Alternate Ending to "The Catbird Seat" by James ThurberRated:
Insanity insues. I can't believe I wrote this as an English assignment...
Mr. Martin got to the office at eight-thirty the next morning, as usual. And as usual, Mrs. Barrows did not come bustling in until nearly a full hour later, by which time Mr. Martin was already quite settled into his deskwork. Peculiarly, for the rest of the morning, the office droned on in monotony without Mrs. Barrows’ obnoxious voice. She was unusually quiet, filing papers dutifully, although not without an impatient twitch. Mr. Martin pretended not to notice.
At a quarter past noon hour, as Mr. Martin was about to take his leave for lunch, a clearing throat broke the humdrum of the office. He looked up to see the hefty form of Mrs. Barrows parked in front of his desk.
“Good afternoon, Mrs. Barrows. What assistance do you require?” said he, pleasantly.
Mrs. Barrows sniffed. “I’ve come to tell you that, indeed, last night I telephoned Mr. Fitweiler and relayed our conversation from yesterday evening to him. For your sake, he merely chuckled it off, saying you must only be teasing,” here she took a deep breath, “He has convinced me of this, and I would like to exchange amends for both our behaviours last night.”
Now, although Mr. Martin, to the pits of his soul, did not take her word for it, he smiled again agreeably and murmured an apology. Mrs. Barrows smiled back rather stiffly and reached into the large purse she was clutching tightly. She produced a bottle of milk.
“I hear it’s what you commonly drink,” she explained, “And really
, Mr. Martin, lighten up a little. I haven’t heard a laugh from you yet.”
Grasping the bottle firmly, Mr. Martin nodded thank you, I’ll keep that in mind
. He downed it within the same hour, grimacing at the slight sourness to it.
At approximately five o’clock in the afternoon, Mr. Martin was once again getting ready to take his leave, but this time, for the day. As he was pulling his coat on, Ms. Paird interrupted him with an instruction to stop by Mr. Fitweiler’s office before he leaves. Frowning, he forced calm into his nerves as he walked briskly to the directed office.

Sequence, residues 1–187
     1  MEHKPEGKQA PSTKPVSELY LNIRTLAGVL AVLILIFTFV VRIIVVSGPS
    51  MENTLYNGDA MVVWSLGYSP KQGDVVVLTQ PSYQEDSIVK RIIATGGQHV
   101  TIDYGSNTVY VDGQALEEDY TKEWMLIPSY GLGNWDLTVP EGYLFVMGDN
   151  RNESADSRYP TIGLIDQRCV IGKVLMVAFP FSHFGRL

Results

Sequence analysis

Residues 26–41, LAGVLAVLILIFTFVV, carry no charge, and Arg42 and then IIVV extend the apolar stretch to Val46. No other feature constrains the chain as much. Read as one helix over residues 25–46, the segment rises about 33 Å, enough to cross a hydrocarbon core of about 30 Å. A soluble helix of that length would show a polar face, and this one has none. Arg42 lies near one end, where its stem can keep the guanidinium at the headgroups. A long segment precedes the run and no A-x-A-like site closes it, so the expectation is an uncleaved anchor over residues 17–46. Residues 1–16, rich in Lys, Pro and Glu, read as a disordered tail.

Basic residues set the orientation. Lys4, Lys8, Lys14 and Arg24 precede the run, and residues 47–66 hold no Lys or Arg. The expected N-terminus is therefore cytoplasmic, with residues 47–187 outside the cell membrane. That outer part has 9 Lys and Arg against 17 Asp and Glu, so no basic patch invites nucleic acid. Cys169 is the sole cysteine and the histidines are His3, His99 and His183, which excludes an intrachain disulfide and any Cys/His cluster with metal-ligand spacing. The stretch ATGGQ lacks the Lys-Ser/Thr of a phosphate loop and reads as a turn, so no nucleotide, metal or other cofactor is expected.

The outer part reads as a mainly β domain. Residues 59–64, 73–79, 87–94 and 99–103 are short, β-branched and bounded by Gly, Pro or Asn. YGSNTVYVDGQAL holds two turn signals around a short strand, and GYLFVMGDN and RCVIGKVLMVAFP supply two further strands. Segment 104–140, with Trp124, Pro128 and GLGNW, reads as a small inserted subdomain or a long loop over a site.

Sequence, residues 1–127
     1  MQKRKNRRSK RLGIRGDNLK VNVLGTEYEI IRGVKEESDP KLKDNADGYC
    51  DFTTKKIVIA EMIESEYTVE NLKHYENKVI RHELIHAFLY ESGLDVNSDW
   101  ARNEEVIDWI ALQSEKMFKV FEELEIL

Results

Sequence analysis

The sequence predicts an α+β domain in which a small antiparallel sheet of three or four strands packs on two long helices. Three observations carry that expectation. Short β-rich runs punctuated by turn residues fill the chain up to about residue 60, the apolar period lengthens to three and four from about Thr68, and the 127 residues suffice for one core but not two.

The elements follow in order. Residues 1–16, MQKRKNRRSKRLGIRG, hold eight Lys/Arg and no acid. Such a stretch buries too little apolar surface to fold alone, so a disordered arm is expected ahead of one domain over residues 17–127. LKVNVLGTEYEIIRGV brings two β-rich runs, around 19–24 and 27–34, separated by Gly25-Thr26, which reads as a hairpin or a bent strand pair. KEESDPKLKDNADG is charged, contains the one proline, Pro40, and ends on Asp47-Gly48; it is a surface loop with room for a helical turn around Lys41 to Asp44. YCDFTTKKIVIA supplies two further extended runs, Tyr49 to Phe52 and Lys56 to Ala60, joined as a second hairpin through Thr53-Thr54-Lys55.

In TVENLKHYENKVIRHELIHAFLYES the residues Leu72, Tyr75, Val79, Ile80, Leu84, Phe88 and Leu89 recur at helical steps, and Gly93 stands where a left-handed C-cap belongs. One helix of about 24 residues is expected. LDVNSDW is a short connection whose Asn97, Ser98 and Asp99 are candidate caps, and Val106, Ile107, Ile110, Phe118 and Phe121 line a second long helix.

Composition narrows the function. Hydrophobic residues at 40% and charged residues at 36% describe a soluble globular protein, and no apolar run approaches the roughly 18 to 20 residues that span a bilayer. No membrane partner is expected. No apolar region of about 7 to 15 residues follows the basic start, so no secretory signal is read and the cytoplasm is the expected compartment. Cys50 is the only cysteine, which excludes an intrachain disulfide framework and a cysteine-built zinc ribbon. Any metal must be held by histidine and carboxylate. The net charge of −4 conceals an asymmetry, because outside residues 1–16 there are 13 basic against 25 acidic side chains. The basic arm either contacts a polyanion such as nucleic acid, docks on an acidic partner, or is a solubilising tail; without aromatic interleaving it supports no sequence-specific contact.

“Ah, good afternoon, Mr. Martin,” Mr. Fitweiler greeted awkwardly when Mr. Martin knocked before opening the door. “Yesterday evening, Mrs. Barrows gave me some very interesting information… Yes, interesting indeed. I do hope I was correct in giving you the benefit of the doubt, after all, you’ve been working for me for nearly twenty years—”
“Twenty-two, sir.” The sour taste was still on his tongue.
“Ah, yes, of course. So, I am assuming that you were only joking around?”
“Nothing more, sir,” Mr. Martin responded. Then, a thought suddenly occurred to him. Grinning clumsily, he added, “And you know how misleading and exaggerating women tend to be.” He chuckled.
Mr. Fitweiler broke into laughter too, eyes twinkling, and said jovially, “I understand your point. They hear one thing, and repeat something completely different to another.” Together, the two of them laughed for over two full minutes, until Mr. Fitweiler couldn’t remember exactly what was so funny in the first place.
But Mr. Martin was still laughing, so he smiled again, uneasily. On and on he laughed, like he had never laughed before, and certainly, that might have been the case! He didn’t seem near the end, but Mr. Fitweiler, uncomfortably wanting to be alone again, tried to cut it short.
“Ah, Mr. Martin…it’s not that funny.”
But on he laughed some more, before he wheezed out, “Mrs. Bar…Barrows…t-told…me to…to…lighten up!” And Mr. Martin started a new round of laughter again, like as if he found what he had said to be particularly amusing. Mr. Fitweiler did not.
“Mr. Martin, I implore you! Please stop this nonsense at once!” he cried, jumping up from his seat.
“I…I…c-can’t!” the other man gasped, looking as though he wanted to stop, but couldn’t find it in himself to do so. “Need…breathe!” he huffed again.
Mr. Fitweiler was aghast, and wanted to shout obscenities at this abhorrent man who couldn’t follow orders after working for him for nearly twenty (twenty-two
, flitted a thought through his racing mind) years. And as he took a deep breath to begin shouting, his breath caught in horror as Mr. Martin gasped for his own.
Still laughing, Mr. Martin’s mind was wild as he fell to the floor. Breath. No matter how much he gasped for it, it never seemed to fill his lungs. His abdomen was on fire. He wheezed and he puffed and he panted, but there was still no oxygen.
Letting go of one last snort of laughter, a short breath drifted out of his mouth, and he sagged, leaving nothing but a sour taste upon his lips.